I’m Malaysian composer Dr CHONG Kee Yong, welcome to my website!
I am Malaysian-Chinese composer Dr Chong Kee Yong. My musical language embraces not only a rich palette of constantly expanding instrumental colours. I never stop looking for new colours and I am keen to dig into past traditions with their lyricism, rhythmic vitality and tonality and work these into my austere contemporary language, which is enriched by my own Chinese culture as well as the multi-layered ethnic and cultural Malaysian heritage influences. I am deeply interested in how the East-West aesthetics in multi-layered cultural and ethnic heritages can influence music. This has played a large part in my compositional approach and philosophy.
As a Malaysian composer living in a multicultural tradition, because of the persistence of the Chinese ancestors on the inheritance of Chinese culture, they founded a Chinese elementary school that uses the Chinese mother tongue as the medium of education. At the same time, Malaysia’s national education policy guarantees that all ethnic groups can open their own mother tongue schools and learn their mother tongue freely, as well as publicly promote cultural customs. Therefore, in the early years, many Chinese immigrants from Fujian and Guangdong also brought poems, Nanyin, Hakka folk songs, puppet shows, calligraphy, and literature that were popular in China to South East Asia.
Through many cultural field trips around Asian countries, with all these collective experiences, I have garnered a lot of knowledge and am inspired by Asia’s unique multi-layered ethnic and cultural heritages in my music compositions. Over the past few years, I have composed cross-cultural works for traditional Asian and Western instruments, collaborating with multiple musicians in Asia, the United States, and Europe. The key compositional roles played by elements such as sonic mobility and spatialisation, interplay and interchange of roles, and the concept of ‘living ornamentation’ in creating heterophony and vocalisation. Sonic mobility and spatialisation, as realised through unique instrumental layouts in my compositions, are deeply informed by my childhood experience of listening to the acoustics of nature in the woods. The interplay and interchange of roles between instruments through their alternations of similar passages in an improvisational style are inspired by oral traditions in the teacher-student mentorship relationship in the study of music.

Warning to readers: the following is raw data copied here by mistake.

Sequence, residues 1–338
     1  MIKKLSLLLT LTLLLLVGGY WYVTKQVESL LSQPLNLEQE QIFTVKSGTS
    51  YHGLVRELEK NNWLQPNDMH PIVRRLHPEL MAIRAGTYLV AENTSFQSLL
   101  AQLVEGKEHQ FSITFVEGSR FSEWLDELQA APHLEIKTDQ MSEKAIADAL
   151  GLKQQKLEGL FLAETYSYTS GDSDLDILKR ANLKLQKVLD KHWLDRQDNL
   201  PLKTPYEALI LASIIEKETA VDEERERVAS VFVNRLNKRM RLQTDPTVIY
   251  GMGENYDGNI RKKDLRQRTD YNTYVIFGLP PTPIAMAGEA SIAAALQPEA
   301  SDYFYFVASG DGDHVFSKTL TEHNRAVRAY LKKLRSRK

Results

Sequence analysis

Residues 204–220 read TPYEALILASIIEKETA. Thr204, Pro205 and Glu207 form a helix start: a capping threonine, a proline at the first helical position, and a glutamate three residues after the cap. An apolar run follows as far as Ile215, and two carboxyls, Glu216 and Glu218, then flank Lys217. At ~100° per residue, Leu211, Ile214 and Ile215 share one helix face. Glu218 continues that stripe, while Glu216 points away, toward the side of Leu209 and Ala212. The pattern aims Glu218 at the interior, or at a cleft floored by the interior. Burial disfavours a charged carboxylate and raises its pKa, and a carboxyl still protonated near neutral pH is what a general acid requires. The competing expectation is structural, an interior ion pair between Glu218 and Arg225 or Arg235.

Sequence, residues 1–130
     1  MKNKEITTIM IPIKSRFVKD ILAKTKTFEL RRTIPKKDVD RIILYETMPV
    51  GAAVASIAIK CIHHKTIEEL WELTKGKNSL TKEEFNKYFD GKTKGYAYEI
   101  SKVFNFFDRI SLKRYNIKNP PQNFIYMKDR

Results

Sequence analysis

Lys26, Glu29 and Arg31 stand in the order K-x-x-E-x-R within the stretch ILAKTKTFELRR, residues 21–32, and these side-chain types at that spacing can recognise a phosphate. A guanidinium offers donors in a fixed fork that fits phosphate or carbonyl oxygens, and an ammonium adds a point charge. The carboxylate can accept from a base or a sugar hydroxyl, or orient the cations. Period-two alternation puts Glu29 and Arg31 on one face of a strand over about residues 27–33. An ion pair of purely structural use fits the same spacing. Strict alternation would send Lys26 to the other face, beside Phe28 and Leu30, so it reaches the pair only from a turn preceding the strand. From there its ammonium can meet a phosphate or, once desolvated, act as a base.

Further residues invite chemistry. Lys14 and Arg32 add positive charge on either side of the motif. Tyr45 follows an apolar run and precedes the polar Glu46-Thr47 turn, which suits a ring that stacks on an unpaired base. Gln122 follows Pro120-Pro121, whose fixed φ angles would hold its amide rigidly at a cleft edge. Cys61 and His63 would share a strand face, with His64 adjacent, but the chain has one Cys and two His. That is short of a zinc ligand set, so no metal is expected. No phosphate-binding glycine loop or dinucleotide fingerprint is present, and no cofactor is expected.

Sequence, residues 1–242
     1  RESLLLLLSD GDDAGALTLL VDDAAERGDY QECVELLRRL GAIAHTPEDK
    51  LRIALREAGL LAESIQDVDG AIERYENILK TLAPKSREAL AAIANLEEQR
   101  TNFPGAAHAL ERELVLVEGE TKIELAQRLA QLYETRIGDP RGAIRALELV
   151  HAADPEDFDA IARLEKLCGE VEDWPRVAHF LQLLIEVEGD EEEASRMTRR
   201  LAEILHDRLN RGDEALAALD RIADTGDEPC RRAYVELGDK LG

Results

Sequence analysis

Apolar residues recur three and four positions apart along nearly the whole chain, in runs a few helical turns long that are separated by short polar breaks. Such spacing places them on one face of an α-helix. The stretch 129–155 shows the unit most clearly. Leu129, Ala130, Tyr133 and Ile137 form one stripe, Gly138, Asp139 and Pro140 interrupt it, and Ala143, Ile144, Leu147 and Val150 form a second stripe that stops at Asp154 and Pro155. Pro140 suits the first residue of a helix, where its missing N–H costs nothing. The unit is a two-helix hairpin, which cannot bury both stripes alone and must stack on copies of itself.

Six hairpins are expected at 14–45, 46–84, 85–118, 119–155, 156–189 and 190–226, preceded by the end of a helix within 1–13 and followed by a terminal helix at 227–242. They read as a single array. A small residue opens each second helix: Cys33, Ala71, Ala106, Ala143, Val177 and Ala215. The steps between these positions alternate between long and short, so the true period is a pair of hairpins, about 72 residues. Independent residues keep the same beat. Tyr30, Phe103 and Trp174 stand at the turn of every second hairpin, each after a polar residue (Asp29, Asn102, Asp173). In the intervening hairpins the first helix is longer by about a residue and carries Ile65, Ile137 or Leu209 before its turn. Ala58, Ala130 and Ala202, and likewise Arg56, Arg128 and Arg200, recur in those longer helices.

Although the imitation of the outward features of other cultures is an important part of the attempt to compose cross-cultural pieces, such imitation is only one part of the learning process. The most difficult task is to make a meaningful cultural confluence out of these influences. For several years, I have been researching East and Southeast Asian traditional music to further broaden my horizons and explore my heritage as a Malaysian-Chinese composer. My music demonstrates the integration of Western and Asian musical traditions and thinking while referring to a wider context that involves theatre, philosophy, rituals, and spirituality.